In 1994, Congress passed a crime bill that strengthened penalties for drug offenses and earmarked billions of dollars for new prison construction. Prison populations across the country boomed as a result, with recidivism rates remaining high. Drug offenses became the leading reason for incarceration, but prisons nationwide struggled to provide programming capable of breaking the cycle of incarceration, release, and rearrest.
Searching for employment can be a frustrating and difficult experience even in the best of situations. There is always the challenge to present oneself in the most positive light, and assure the employer that you can be an asset to their business or organization.
In celebration of Prison Fellowship’s 40 years of ministering to prisoners and their families, we will be taking a look back at the early days of the ministry and remembering the people and the stories that have helped to make Prison Fellowship the nation’s largest prison outreach.
In 2000, Dana Bowerman was arrested for her role in a methamphetamine ring in Texas. She was sentenced to 19 years and seven months in prison—a sentence even the judge overseeing the case admitted was very harsh.
“I needed time to get my head straight,” Bowerman admits, reflecting on a life that had gone from being an honor roll student to a 15-year addiction to methamphetamine at the time of her arrest.
A diverse collection of companies is collaborating with the Obama administration in an attempt to remove hindrances for men and women seeking employment following incarceration.
The Fair Chance Business Pledge calls for employers to endorse hiring practices that provide former prisoners with an opportunity to succeed.
When Merle Haggard passed away last week on his 79th birthday, country music lost one of its best storytellers.
For decades, Haggard built his legacy as a rough-and-tumble country outlaw, telling stories of his own troubled past, which involved repeated stints in both reform schools and, later, in prison.
Rhonda Bear knows the challenges that women who have been incarcerated face as they attempt to reintegrate into society.
A former prisoner herself, Bear was fortunate to have received support and encouragement from Eileen, a volunteer who encouraged her and nurtured her Christian faith while she was still in prison.
Last fall, Prison Fellowship teamed up with singer-songwriter Idalee to create something unique—a music video, shot entirely inside a corrections facility, with a band composed of men from the prison.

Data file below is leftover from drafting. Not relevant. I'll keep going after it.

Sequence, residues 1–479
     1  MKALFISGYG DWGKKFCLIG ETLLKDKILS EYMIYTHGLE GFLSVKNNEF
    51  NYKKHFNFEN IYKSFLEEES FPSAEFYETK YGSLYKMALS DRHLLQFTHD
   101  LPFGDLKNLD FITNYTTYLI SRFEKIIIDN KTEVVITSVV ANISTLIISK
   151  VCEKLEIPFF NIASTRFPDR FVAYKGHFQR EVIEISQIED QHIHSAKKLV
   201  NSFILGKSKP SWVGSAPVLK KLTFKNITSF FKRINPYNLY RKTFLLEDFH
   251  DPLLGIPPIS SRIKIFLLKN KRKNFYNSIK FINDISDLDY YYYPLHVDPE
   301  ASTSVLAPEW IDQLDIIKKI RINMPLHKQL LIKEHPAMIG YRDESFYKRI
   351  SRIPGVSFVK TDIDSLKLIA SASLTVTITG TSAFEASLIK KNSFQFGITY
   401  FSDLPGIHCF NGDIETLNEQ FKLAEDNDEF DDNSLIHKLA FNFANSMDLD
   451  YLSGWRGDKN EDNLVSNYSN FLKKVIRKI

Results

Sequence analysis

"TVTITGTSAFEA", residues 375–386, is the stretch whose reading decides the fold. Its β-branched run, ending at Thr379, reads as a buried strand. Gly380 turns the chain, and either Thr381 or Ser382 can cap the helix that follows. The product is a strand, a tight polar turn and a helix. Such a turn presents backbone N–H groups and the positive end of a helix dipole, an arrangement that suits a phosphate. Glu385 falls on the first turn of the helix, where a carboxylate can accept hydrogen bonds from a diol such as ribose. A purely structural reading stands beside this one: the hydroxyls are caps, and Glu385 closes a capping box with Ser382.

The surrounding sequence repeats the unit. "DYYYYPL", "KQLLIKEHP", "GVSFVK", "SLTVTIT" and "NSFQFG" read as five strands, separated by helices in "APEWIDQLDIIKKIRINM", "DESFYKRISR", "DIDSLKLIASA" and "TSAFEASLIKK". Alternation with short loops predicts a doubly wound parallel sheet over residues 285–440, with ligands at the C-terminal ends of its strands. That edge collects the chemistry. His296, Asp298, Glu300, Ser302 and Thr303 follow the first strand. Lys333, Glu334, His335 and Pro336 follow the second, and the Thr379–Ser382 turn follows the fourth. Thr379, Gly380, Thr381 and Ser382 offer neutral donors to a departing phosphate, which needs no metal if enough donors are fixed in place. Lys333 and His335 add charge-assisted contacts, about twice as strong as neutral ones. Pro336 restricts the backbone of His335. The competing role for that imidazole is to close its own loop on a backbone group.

"I had the amazing opportunity ... to bring this song, 'Heal,' into prison and perform it with prisoners," Idalee says.
Having retired following 18 years as a corrections officer at several facilities in Michigan, Billy Stewart is once again returning to prison—this time as a volunteer with Prison Fellowship. Denise Harris, Prison Fellowship’s field director for the Detroit area, asks Billy to share his thoughts about his perspective of prisoners as an officer, and what is taking him back behind bars.
John Jennings stood in the courtroom, looking into the eyes of the man who had murdered his son. This man had been his son’s friend, but one night, this “friend” took John’s son into the woods, demanded his money, and shot him.
The Albuquerque Business First journal recently asked its readers a probing question—would you hire someone who had just been released from prison?
Responses were predictably varied, with many respondents answering affirmatively. Those that did say they would hire a former prisoner typically cited the importance of second chances and a need to break the cycle of recidivism.
For Fred, a prisoner serving a 10-year sentence at the Maine State Prison in Warren, incarceration is an opportunity to improve himself.
"I knew right off the bat that when I was going away for a long time that I had to do something with myself while I was here," Fred says.
A San Francisco apparel company is seeking to provide women who have spent time behind bars an opportunity to begin new careers in the fashion industry.
Named after the road leading out of the Central California Women's Correctional Facility in Chowchilla, Road Twenty-Two designs and manufactures high-end shirts for men and women.
Imagine being transported 50 years into the future. Things that were once commonplace have disappeared, or have become quaint relics of an earlier time. In their place are new items and technologies that you don’t understand and can’t use. The food people eat and the clothes they wear are different than you remember, and at a much higher cost than before.
On a recent trip to Michigan, I approached a man that I thought was our local Prison Fellowship field director. I hugged him and thanked him for all he was doing.
When I asked how he was, he said, “I’ve been out for three months, and I am an associate pastor!”